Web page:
A councillor who used “incredibly offensive racial slurs” at a council meeting last month is to be censured.
Liberal Democrat Dennis Parsons said the word four times at a Cheltenham Borough Council meeting on 15 June.
Councillors said censure was the “strongest available option” to them and agreed to ask the government for powers of greater sanctions.
Mr Parsons apologised and said he had “fallen short of the high standards of conduct expected of a councillor”.
The comments were made during a debate to review the authority’s policies and organisational structure to challenge racial bias in the wake of George Floyd’s death in May.
Mr Parsons said he used the offensive word – the name of his family’s black cat in the 1950s – because he wanted to show “how different the culture was then”.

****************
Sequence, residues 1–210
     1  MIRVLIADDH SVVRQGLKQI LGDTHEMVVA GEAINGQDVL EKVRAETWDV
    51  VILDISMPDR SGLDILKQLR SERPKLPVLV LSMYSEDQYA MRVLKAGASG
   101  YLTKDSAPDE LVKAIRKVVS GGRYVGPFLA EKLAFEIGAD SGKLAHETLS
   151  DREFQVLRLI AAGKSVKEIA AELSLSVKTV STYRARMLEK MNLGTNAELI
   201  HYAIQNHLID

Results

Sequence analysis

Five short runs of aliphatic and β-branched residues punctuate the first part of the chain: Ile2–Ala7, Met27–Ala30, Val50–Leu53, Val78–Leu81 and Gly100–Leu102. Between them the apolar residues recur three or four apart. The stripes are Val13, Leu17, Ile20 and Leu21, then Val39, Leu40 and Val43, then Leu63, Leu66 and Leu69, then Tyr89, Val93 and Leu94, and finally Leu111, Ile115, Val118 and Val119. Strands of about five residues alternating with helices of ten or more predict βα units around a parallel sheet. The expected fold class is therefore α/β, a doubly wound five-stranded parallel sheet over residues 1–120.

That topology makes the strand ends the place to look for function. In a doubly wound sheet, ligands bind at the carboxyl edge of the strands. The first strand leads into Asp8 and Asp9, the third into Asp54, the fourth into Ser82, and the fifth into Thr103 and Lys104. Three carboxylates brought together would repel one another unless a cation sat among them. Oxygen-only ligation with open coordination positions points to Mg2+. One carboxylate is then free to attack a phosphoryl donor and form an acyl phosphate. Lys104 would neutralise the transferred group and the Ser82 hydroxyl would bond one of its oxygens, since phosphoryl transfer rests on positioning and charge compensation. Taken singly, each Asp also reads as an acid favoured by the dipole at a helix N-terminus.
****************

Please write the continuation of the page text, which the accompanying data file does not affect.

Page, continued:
The council’s standards committee met to discuss Mr Parsons’ failure to comply with the code of conduct, and unanimously agreed a statement expressing severe disapproval should be issued and his formal apology be published on the council’s website.
‘Issues of racism’
Lib Dem councillor Martin Horwood said there was “considerable damage to the council’s reputation”.
“The worst of it is, that in the context of the motion, this was the council’s opportunity to make a strong statement of solidarity and support with people of colour at a time when the community is seeking allies,” he said.
“In effect, the council has done the reverse. We have highlighted issues of racism within our council as a result of these comments. The entire object of the motion on one level was lost and completely undermined by these comments.”
Mr Parsons has resigned from his role in the Cheltenham Trust, is no longer a member of any council committee and has been suspended by the local Liberal Democrat group.